Essays on Diversity on Boards of Directors in Australia is a Concern to the Government Case Study

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The paper 'Diversity on Boards of Directors in Australia is a Concern to the Government" is a good example of a business case study.   The board of directors is one of the various internal control systems that are anticipated to guarantee that the interest of the staffs is strongly associated, regardless of whether it is an individual and institutional investor of a private corporation, or else the country in the case of public boards (Kang, Cheng & Gray, 2007). The functions of the boards are mainly; enforcement of legal necessities, allocation of the general corporate policy, and guarantying of proficiency and resourceful organization (Billimoria & Piderit, 1994).

Van der Walt et al (2006) point out that, board effectiveness relies upon numerous aspects for instance magnitude and composition, the leadership structure, and corporate governance evaluation mechanisms. Current Status of Diversity on Boards of Directors Diversity on boards of directors is among the most noteworthy governance subjects at present experienced by the contemporary corporations in Australia; such diversity issues include; gender, age, race, ethnicity, the multiplicity of the idea, age, occupation knowledge and sovereignty of directors.

Despite efforts by the Australian government and other non-governmental entities of promoting diversity on boards of directors in various corporations, there has been slow advancement of women and other under-represented issues in both the public and private sector boards. “ Observations made by commentators still have it that, corporate boards tend to be homogenous groups, largely composed of men of similar ages and with similar demographic, ethnic, educational professional backgrounds, as well as some evidence that correlates diversity at board level with the enhanced corporate performance” 1. 1. An excerpt from the Minister of Superannuation & Corporate Law, Senator Nick Sherry letter at the meeting of the ministerial council for corporations (MINCO) in March 2009, while he was lobbying for advice from the advisory committee on matters relating to board diversity. The under-representation of women on the boards of listed public companies has been the underlining issue of diversity on boards in Australia.

According to the Equal Opportunity for Women at the Workplace Agency (2008), the Australian census of women in leadership signifies that the proportion of women on boards of the ASX top 200 public listed companies is currently 8.3%, down from 8.7% in 2006.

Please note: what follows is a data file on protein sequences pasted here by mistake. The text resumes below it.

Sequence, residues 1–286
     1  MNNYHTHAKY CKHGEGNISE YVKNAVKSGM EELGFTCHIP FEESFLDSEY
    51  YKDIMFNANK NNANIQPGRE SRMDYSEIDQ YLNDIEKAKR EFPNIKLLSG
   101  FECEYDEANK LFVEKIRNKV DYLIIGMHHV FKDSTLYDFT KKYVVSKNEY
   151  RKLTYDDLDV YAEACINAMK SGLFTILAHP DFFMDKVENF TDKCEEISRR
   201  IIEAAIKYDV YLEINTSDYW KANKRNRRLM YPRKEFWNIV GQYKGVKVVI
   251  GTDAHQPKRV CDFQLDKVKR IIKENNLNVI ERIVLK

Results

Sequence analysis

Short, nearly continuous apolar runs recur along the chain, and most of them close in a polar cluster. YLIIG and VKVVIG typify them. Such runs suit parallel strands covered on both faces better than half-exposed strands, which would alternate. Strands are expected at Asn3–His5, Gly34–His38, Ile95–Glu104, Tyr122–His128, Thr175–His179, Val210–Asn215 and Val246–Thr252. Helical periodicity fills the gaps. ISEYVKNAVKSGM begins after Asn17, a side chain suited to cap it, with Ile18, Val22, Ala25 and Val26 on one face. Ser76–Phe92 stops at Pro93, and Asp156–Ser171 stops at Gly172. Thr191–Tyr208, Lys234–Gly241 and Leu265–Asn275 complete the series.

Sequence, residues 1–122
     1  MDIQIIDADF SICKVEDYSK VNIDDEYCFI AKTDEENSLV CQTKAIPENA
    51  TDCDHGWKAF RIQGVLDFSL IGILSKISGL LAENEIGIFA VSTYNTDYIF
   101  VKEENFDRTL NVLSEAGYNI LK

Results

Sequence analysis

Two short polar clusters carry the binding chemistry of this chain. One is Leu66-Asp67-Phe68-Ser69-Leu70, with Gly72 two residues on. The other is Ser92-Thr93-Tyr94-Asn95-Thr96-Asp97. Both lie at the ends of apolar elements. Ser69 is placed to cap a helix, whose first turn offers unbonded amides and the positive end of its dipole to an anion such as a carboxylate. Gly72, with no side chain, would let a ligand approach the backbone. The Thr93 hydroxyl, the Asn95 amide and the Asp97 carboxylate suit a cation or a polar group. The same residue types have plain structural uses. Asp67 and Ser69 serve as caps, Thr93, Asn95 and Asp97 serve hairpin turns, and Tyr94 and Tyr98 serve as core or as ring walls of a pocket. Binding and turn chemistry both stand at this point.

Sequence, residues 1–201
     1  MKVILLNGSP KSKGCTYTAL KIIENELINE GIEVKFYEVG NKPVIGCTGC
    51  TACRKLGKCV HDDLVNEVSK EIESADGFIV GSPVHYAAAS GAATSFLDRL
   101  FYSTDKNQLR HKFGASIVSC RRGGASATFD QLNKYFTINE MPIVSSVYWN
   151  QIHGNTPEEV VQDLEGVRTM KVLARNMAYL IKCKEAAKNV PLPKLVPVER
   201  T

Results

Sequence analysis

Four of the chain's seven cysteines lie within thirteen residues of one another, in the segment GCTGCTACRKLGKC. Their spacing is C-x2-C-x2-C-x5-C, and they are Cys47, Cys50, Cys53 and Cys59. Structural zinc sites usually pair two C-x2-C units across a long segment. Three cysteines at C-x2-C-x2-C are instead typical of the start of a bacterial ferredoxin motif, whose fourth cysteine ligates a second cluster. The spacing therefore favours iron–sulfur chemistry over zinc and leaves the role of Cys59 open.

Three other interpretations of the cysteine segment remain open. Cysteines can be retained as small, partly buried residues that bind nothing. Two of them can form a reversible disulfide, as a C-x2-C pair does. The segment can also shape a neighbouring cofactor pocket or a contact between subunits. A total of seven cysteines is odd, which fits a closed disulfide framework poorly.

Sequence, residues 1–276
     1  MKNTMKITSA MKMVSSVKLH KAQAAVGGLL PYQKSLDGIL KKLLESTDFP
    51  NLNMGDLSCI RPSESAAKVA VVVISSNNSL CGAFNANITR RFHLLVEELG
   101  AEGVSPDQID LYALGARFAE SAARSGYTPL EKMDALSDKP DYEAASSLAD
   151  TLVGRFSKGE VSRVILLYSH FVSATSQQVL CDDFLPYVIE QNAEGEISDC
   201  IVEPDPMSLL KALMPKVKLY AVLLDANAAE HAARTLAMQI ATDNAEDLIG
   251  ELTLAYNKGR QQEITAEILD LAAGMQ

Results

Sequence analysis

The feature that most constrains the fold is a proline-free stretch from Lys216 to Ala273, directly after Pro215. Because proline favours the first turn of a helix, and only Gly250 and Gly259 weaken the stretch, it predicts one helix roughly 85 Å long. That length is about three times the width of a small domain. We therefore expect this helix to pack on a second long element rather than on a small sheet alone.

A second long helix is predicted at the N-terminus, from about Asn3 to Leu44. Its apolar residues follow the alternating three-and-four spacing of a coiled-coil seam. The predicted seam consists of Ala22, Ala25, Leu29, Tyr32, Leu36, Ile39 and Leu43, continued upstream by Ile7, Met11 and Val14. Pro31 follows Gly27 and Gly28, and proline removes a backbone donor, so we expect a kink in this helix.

It also indicates that 51% of ASX top 200 companies have no female directors. Further, the census still reveals that the proportion of women in executive management positions in ASX top 200 companies is currently 10.7%, a decline from 12% in 2006 and 11.4% in 2004. The reasons for the relatively low representation of female directors in Australia include; reluctance of the public companies to realize the importance of gender diversity in the board, increase in the number of mining and energy industries, the culture of works that do require long hours in the places of work, exorbitant child care costs, and downsizing of the managers which could have been biased to women. Another diversity issue is the age2 and country of birth3 director’ s representation.

It is renowned that the average age of public companies directors is 53 years, with the average age of directors of larger ASX listed companies being 59 years. The age factor is chiefly contributed by the ageing population of Australia. The 2009 report on diversity on boards of directors still had outstanding gaps in the verification founded on diversity on boards, this includes; other under-represented groups, for instance, people with disabilities, and the selection procedure of non-executive directors.

References

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Bilimoria, D. and Piderit, S. K. (1994), “Board Committee Membership: Effects of Sex-Based Bias”, Academy of Management Journal, 37(6), 1453-1477.

Burt, R. S. (1998), “Gender and Social Capital”, Rationality and Society, 10(1), 5-46.

EOWA (2008) “Australian Census of Women in Leadership”, in Diversity on Boards of Directors, Corporations & Markets Advisory Committee- Australian Government Report, March 2009. Retrieved April 19, 2010 from Corporations & Markets Advisory Committee website: http://www.camac.gov.ac/reports.

Kang, H., Gray, S. J. & Cheng, M. (2007), “Corporate governance and board composition: Diversity and independence of Australian boards”, Corporate Governance: an International Review, 15(2), 194-207.

Konrad, A. M., Prasad, P. & Pringle, J. K. (eds.) (2006), Handbook of Workplace Diversity, Thousand Oaks CA, SAGE Publications Ltd.

Liff, S. and Ward, K. (2001), “Distorted views through the glass ceiling: The construction of women’s understandings of promotion and senior management positions”, Gender, Work and Organization, 8(1), 19-36.

Lyon, G. & Professor Du Plessis, J., (2005). The Law of Insider Training in Australia. Annandale NSW, the federations press. Chapters 1-3.

Miller, T. & Del Carmen Triana, M. (2009),“Demographic Diversity in the Boardroom: Mediators of the Board Diversity-Firm Performance Relationship”, Journal of Management Studies, 46(5), 755-786.

Singh, V., Terjesen, S. & Vinnicombe, S. (2008), “Newly appointed directors in the boardroom:: How do women and men differ?”, European Management Journal, 26(1), 48-58.

Van Der Walt, N., Townsend, A., Shergill, G. S. & Ingley, C. (2006), “Board configuration: are diverse boards better boards?” Corporate Governance, 6(2), 129.

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